Blog by Bill Singer WEEK IN REVIEW

May 20, 2017

Starting in June 2013 and running somewhere into January 2017, millions of shares of unregistered pennystocks were allegedly sold without the necessary due diligence. Additionally, Suspicious Activity Reports likely should have been but were not filed. Although the shares may have sold for mere pennies, the proceeds amounted to just shy of $25 million. Not exactly chump change. All of which prompts a Securities and Exchange Commission investigation and the scheduling of a full-fledged regulatory hearing. In keeping with the august tradition of the Blog, we focus on the silliness that is often attendant to such regulatory enterprises of great pith and moment. 

After a while, it vacillates somewhere between idiotic and exasperating. I mean, geez, how many more times ya gotta tell a stockbroker that when you leave your firm, you can't simply print out all of your customers' names and confidential information and then use that data to solicit those folks at your new place of business? Today, I am not getting into the issue of whether clients should be deemed the property of the firm or its employees. I am not getting into the fairness of the Broker Protocol. Today's Blog is about reiterating that you can't disregard the industry's rules and regulations concerning non-public, confidential customer information. READ 

In an intriguing FINRA Arbitration Decision, the sole arbitrator hearing the case recommended the expungement of a customer complaint from a registered representative's CRD record. In an interesting twist, the customer favorably testified for the stockbroker. A more ominous twist was the finding by the arbitrator that Raymond James had "pressured" the stockbroker into settling the customer's complaint and that the firm had apparently docked the employee for the full cost of the cash payment. All of which prompts a chorus of "Tell Me Why." The response is thundering silence. READ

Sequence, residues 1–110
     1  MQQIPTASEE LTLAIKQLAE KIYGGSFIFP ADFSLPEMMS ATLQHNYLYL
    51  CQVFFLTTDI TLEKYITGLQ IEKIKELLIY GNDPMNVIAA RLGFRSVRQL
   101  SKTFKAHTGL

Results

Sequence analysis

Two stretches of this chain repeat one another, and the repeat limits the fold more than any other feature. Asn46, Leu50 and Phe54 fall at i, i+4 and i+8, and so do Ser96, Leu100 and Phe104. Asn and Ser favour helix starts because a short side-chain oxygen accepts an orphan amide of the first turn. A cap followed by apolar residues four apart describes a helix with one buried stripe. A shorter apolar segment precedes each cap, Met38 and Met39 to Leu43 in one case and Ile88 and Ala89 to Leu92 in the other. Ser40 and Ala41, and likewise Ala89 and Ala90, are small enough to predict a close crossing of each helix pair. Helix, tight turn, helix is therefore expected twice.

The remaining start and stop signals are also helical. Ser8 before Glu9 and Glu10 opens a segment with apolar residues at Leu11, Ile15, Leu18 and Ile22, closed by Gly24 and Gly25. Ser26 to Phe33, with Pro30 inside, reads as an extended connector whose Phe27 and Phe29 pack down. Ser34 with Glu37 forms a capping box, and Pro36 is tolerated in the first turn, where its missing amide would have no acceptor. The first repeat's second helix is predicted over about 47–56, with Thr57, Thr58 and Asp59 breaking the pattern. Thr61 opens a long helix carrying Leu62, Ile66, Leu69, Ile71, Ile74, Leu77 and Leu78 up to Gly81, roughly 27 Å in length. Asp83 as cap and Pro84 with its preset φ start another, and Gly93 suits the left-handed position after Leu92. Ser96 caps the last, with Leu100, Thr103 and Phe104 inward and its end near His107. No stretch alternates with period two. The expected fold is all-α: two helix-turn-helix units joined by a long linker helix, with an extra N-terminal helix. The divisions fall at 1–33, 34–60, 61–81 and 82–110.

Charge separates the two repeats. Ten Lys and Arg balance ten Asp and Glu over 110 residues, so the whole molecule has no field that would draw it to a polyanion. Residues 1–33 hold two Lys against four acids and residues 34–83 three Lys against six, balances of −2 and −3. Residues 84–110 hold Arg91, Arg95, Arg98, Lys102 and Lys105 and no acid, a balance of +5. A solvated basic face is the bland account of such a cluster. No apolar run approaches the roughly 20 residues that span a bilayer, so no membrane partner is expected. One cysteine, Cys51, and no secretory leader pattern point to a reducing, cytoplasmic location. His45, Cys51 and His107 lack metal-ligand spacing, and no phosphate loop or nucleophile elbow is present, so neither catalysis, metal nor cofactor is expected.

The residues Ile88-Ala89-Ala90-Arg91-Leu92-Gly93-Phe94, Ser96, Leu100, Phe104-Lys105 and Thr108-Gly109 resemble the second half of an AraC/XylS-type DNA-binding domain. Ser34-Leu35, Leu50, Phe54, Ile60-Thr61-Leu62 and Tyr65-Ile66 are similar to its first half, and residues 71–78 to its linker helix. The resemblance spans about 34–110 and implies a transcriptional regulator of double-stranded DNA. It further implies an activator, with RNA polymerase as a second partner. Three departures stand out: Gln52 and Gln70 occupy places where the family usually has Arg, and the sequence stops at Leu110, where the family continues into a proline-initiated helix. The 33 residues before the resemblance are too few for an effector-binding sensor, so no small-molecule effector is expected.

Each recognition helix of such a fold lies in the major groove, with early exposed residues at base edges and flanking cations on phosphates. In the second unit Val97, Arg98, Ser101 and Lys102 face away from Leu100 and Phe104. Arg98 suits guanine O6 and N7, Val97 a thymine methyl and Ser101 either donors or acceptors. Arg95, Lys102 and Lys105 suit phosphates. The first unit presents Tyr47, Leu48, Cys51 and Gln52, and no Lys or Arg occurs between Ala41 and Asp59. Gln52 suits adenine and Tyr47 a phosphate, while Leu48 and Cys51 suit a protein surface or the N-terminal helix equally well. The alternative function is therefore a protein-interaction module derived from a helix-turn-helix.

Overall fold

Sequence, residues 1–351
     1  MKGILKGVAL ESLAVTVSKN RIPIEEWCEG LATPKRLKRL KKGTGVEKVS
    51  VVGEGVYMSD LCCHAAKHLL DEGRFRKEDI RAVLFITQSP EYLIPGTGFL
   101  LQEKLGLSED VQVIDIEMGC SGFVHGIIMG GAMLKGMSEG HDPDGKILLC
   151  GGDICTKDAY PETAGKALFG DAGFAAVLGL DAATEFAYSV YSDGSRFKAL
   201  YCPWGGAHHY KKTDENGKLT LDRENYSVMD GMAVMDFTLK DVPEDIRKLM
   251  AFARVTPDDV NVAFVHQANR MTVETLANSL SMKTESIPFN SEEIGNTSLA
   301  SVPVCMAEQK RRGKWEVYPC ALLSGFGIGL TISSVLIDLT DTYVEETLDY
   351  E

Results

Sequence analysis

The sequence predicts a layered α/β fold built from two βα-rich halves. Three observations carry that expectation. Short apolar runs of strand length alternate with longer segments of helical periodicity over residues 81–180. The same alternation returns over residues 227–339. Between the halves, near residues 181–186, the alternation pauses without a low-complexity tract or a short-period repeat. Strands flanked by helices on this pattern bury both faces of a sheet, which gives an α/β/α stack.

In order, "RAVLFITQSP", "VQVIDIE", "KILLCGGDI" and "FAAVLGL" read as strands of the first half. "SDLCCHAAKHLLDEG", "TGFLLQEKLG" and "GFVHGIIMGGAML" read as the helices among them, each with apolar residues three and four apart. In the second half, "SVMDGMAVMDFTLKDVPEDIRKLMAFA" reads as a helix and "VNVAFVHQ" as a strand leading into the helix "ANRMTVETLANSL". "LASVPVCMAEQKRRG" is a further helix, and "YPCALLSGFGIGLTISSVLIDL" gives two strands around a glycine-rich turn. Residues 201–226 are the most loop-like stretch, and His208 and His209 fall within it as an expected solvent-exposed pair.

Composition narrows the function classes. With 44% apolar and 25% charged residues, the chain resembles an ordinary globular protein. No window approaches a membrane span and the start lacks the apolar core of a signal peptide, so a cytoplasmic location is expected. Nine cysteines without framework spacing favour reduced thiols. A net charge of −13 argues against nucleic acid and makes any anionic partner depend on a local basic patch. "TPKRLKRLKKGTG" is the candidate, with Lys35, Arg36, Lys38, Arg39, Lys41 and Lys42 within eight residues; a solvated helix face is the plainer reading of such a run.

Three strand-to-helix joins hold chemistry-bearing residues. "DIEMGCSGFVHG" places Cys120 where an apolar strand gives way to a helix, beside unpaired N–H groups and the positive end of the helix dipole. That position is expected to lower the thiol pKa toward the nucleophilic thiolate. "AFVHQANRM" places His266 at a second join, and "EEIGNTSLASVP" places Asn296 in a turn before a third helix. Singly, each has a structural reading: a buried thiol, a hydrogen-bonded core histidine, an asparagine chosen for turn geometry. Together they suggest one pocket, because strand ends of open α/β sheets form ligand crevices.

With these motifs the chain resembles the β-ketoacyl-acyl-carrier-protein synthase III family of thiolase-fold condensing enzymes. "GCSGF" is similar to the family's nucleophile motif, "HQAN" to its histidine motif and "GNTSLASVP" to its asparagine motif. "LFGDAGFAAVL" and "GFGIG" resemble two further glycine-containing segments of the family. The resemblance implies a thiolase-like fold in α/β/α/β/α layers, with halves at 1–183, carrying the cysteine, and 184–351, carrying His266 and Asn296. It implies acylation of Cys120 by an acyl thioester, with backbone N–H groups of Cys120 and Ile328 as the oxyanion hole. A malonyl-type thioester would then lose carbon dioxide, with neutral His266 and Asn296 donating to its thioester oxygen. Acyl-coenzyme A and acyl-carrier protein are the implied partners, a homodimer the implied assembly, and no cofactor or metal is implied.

In today's Blog, we consider a public customer's complaints about TD Ameritrade's satisfaction of a margin call. As is often the customer's lament in these cases, a dispute arose as to which account assets were selected by the brokerage firm for liquidation in order to cover the call. The customer complained that the brokerage firm should have made more of an effort to get a higher price for a bond that it had declined to sell. Ultimately, it is a battle between the competing desires for customer service and the need to mitigate damages. READ 

An elderly brokerage firm client designated his stockbroker as an account beneficiary; thereafter, the client substituted the broker's wife as the account beneficiary and named her as a beneficiary of his Will -- add into that mix of facts a further granting by the client of a medical POA to the stockbroker. At first blush, it's an unsettling fact pattern and concerns about elder fraud immediately pop into our heads. Blog publisher Bill Singer, Esq. underscores the valid regulatory/compliance issues raised in this case. Also, Bill wonder how much of what transpired may have been based on a healthy relationship among the customer, his stockbroker, and the broker's wife. As Bill admonishes, "may have been based" is not an acceptable level of detail in such an important regulatory/compliance case. READ